How albatrosses fly, new research


This video says about itself:

David Attenborough, BBC Wildlife, on the Royal albatross: “Otago Peninsula and Taiaroa Head is a unique and very special place. It is a place every visitor to Dunedin should see.”

I spent a delightful day in mid-January of 2019 filming the Northern Royal Albatross (Diomedea sanfordi) in the Otago Peninsula, New Zealand. The best time to watch them in flight is after 3pm when the winds start to pick up. The Albatross needs the wind to take off and relies on the winds to glide effortlessly. It has a wingspan in excess of three metres ( 9 ft 8 ins) and weighs about 9-10kg.

Photographic notes: These footages were shot with a Sony a7iii+100-400GM lens.

Interesting facts:

“Albatrosses can live to 60 years and beyond. They mate for life and some do not find another if their partner dies. They have the longest wingspan of any bird, reaching up to 3.5m (11.5ft). In 2005, it was found that a grey-headed albatross had flown 13,670 miles around the world in the Southern Hemisphere in 46 days.”

According to reports, more than 100,000 albatrosses are killed annually by getting caught in bait lines of fishing vessels – about one every five minutes.

Conservation status (wiki)
The IUCN classifies this bird as vulnerable, with an occurrence range of 63,400,000 km2 (24,500,000 sq mi) and a breeding range of 750 km2 (290 sq mi), with a total estimated population of between 28,000 and 29,500 (1997).

As a top-tier organism in its natural habitat, it has very few predators but major fishing industries are a huge problem for all albatross species among other seabirds.

The population is recovering from its severe downward spiral in the late 19th and early 20th centuries. By the 1880s, this albatross was extirpated from Auckland Island and Enderby Island. Pigs and cats are still a problem, as they take chicks and eggs, on Auckland Island. Longline fishing is a major problem and a possible emerging threat is Dracophyllum, a scrub that is taking away from their nesting range.

From the University of Liverpool in England:

The wind beneath their wings: Albatrosses fine-tuned to wind conditions

June 19, 2020

A new study of albatrosses has found that wind plays a bigger role in their decision to take flight than previously thought, and due to their differences in body size, males and females differ in their response to wind.

With a wingspan of over three meters — the largest of any bird alive today — the wandering albatross can fly thousands of miles, even around the world, gliding for long periods in search of fish or squid. Birds search for prey in flight and capture it after landing on the sea surface. Due to their long wings, taking off from the sea surface is by far their most energetically demanding activity, requiring four times more energy than gliding flight.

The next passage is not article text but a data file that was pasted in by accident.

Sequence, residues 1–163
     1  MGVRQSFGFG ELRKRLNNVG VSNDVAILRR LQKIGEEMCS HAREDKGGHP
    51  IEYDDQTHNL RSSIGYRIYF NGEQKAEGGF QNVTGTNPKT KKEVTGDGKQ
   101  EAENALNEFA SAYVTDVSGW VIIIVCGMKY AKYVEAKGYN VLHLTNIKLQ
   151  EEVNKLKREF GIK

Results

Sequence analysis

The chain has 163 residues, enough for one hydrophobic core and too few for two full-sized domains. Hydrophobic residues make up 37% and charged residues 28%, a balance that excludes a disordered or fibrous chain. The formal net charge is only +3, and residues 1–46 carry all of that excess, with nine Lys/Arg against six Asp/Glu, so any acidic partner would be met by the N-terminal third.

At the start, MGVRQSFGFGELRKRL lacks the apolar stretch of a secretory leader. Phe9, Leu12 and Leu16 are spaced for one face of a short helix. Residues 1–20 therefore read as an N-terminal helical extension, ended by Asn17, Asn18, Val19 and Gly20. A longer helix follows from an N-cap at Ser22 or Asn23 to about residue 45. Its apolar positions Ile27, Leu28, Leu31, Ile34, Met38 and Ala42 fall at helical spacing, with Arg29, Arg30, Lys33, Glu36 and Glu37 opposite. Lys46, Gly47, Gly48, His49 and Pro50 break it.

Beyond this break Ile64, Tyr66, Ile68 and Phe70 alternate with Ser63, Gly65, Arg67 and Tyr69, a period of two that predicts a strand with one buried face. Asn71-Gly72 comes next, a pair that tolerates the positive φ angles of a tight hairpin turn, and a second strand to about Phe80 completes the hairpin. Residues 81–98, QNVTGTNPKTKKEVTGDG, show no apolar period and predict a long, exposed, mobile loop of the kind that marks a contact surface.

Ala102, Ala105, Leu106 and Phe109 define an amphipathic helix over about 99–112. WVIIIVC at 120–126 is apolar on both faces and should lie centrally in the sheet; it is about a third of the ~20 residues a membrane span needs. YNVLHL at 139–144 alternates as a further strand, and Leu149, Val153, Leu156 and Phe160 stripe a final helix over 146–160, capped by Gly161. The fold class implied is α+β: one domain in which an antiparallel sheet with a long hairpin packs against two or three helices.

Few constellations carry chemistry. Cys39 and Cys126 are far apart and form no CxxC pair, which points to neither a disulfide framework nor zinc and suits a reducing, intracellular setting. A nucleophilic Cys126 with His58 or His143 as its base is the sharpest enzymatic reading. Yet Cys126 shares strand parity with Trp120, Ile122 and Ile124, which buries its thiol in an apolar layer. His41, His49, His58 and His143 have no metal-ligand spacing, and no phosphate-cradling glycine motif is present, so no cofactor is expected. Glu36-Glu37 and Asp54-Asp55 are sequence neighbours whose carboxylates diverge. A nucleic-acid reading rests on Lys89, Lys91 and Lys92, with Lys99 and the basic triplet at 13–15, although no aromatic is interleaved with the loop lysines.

Now, research by University of Liverpool scientists published in the Journal of Animal Ecology, sheds new light on the previously neglected role of wind in the flight decisions of seabirds.

Using GPS loggers, researchers tracked the flight patterns of over 300 albatrosses from two major populations in the Southern Ocean, one of the windiest areas on the planet.

By combining tracking data with computer modelling, they found that the seabirds wait on the sea surface for winds to pick up before attempting to fly again. They also found that males, which are 20% bigger than females, wait for stronger winds to help them take off from the ocean surface and sustain their flight.

University of Liverpool seabird ecologist and lead author of the study, Dr Tommy Clay, said: “Albatrosses are the oceans’ great voyagers and are well-known for their ability to glide on winds with barely a flap of their wings.

“Our study reveals that albatross behaviour is fine-tuned to the winds they encounter. In order to save energy, birds rely on strong winds for take-off, males more so than females.

“Ongoing changes to wind patterns as a result of climate change may pose different risks to males and females. In recent years, increases in wind speeds have led to higher breeding success, but as winds become less predictable, birds may be unable to adapt.”

Changing wind patterns around Antarctica have seen reductions in wind speeds in more northerly areas, where females are more likely to feed, and increases in southerly areas, where males are more common, which could affect how far they can travel to find food and their body condition.

These changes are more likely to benefit males. However, more research is needed to determine the long-term effects on populations.

The fieldwork was conducted over a seven-year period in the remote sub-Antarctic islands of South Georgia in the south-west Atlantic Ocean and Crozet in the south-west Indian Ocean.

The analysis was led by researchers at the University of Liverpool in collaboration with an international and highly interdisciplinary team.

This involved researchers at the University of Florida (USA), Centre National de la Recherche Scientifique (CNRS, France), British Antarctic Survey (UK), Royal Netherlands Meteorological Institute and Delft University of Technology (Netherlands), and Stellenbosch University (South Africa). The project was funded by the Human Frontiers Research Program.

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